#8

Remove the pearl before sizing and them re-mount the pearl. It is
probably set with a two part expoxy. Put the ring in boiling hot
water for a few minutes and the expoxy should give - remove pearl.
You can remount the pearl with a two part jewelers epoxy.


#9
Only thing is, I need to reduce it down a size and a half. Sizing
it down isn't a problem; however, it does have a large freshwater
pearl as the focal point. I don't want to risk damaging the pearl,
so will simply using something like Kool Jool insulate the pearl
enough that it won't get damaged? 

I heatsink just about every stone these days when I size a ring. If I
can’t, as in the case of large silver rings, I remove and reset the
stone and charge accordingly. With all of the treatments- filling,
oiling, heat treatment, dyes, it is much safer to be on the cautious
side.

Pearls are generally glued, less than 200 degrees F will probably
weaken the glue. I use a grey paste called Heat Shield- it has seldom
failed me.

Rick Hamilton


#10

Also, would you want to use a third hand to act as a heat sink by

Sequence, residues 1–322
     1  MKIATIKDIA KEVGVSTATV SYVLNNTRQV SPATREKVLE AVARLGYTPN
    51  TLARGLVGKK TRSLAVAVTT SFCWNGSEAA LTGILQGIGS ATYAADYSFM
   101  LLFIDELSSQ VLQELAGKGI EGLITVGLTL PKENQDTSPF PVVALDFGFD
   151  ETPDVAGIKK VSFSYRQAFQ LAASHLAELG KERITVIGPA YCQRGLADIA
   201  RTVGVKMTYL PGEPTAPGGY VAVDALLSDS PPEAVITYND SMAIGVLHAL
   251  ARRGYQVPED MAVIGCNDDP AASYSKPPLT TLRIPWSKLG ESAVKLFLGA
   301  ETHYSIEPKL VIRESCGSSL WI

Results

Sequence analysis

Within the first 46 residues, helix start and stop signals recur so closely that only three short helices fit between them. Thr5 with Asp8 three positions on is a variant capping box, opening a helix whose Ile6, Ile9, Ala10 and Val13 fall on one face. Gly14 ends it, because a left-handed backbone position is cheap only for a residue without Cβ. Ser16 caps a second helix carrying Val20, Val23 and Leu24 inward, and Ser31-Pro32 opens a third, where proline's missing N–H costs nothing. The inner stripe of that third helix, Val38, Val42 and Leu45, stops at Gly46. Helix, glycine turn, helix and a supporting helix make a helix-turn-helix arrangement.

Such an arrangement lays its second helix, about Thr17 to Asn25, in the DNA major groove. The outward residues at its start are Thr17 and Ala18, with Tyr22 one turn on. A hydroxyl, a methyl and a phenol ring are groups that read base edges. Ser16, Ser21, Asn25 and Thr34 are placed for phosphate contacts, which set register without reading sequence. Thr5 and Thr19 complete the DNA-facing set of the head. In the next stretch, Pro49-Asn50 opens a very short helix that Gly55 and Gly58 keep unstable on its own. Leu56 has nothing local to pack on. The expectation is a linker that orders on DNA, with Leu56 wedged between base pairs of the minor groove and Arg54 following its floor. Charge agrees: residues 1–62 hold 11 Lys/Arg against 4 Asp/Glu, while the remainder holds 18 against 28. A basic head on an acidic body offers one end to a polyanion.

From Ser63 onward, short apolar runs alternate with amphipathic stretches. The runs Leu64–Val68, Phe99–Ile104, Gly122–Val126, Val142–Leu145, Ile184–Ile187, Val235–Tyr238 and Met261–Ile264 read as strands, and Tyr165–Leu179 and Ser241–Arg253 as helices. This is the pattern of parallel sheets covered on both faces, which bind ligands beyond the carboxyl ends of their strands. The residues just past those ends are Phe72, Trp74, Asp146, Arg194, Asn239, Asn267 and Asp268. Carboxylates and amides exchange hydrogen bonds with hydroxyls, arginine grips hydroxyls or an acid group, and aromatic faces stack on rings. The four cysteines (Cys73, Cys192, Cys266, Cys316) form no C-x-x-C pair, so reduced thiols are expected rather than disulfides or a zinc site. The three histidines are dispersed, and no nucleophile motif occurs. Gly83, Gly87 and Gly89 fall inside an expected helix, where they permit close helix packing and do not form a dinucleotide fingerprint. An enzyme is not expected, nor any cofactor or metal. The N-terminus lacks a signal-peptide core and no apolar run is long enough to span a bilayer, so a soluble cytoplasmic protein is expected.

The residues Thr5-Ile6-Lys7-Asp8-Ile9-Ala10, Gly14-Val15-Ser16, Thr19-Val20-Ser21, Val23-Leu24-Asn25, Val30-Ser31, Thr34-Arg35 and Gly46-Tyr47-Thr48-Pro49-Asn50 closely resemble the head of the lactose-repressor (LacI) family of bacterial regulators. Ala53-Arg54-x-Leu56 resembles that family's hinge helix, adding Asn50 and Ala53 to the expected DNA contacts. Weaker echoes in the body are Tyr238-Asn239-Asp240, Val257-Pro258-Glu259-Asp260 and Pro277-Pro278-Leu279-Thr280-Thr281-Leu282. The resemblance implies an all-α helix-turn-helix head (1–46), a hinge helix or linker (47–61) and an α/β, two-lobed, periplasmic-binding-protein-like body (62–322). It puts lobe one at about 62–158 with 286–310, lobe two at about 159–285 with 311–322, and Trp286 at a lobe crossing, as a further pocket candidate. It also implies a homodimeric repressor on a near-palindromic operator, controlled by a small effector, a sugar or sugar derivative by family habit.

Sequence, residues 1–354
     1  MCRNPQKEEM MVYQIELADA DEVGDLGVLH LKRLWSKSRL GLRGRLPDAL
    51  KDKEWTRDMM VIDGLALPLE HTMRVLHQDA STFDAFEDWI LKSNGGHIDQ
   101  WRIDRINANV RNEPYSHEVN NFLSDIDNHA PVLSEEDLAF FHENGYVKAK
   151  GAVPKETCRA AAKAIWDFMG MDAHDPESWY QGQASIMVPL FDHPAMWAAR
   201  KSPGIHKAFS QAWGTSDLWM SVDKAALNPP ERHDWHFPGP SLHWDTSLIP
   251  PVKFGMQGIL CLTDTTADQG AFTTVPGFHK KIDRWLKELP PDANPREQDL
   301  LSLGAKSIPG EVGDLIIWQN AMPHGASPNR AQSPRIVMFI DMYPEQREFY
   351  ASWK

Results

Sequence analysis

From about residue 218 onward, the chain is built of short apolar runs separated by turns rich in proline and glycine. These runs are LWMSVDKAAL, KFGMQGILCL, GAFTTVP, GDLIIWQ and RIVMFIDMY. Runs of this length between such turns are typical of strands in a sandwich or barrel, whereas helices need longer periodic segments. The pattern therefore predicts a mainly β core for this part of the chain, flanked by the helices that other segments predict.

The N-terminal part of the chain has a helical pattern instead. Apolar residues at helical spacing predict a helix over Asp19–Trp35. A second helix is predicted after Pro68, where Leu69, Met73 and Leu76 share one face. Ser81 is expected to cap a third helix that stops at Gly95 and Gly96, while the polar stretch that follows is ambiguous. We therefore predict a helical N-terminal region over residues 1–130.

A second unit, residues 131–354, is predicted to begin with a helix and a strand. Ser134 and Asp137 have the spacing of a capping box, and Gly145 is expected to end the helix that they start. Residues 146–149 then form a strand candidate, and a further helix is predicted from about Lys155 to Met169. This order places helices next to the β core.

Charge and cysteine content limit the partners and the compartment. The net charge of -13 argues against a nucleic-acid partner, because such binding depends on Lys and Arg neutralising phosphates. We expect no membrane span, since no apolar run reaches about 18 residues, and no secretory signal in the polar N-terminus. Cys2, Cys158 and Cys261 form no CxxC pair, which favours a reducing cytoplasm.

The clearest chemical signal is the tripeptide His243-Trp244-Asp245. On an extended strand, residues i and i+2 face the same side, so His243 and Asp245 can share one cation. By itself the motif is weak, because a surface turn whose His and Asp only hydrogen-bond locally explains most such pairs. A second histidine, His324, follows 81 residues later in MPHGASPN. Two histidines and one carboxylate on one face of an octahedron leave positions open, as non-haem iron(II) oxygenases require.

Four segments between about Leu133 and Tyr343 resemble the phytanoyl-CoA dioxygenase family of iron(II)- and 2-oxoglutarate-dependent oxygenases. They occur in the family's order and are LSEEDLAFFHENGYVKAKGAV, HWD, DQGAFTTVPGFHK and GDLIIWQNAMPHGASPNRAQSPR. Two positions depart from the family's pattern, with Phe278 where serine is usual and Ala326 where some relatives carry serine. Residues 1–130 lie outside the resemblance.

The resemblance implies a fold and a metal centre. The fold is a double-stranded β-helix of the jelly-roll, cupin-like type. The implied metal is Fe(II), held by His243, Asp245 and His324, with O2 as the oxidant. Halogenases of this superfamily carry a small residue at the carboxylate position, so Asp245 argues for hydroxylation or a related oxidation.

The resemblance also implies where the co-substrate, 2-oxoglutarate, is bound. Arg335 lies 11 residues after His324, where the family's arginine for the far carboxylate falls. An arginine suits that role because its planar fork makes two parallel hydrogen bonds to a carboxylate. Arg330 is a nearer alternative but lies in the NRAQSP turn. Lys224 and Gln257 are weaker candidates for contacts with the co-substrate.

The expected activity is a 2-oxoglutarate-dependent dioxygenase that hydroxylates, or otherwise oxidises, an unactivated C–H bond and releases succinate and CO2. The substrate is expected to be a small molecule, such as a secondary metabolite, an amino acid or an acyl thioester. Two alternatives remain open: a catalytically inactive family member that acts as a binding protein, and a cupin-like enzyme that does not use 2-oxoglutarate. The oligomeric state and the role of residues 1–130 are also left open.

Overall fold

grabbing the ring in the middle before the heat gets to the top where
the pearl is and sink the pearl in wet sand? I dunno know if that
would help or hinder. What does everyone think?

V.


#11

Hi Tamara,

Resizing a ring with a pearl - here are two methods that I use: 1.
Removing a pearl glued onto a post. Have a pair of heavy tweezers or
tongs handy. Hold the ring in your fingers at the pearl with two or
three layers of tissue paper to insulate your fingers; then heat the
ring shank with a torch letting the heat travel by conduction along
the shank to the setting. As soon as you feel the heat through the
tissue, use the tweezers or tongs to hold the ring and try to work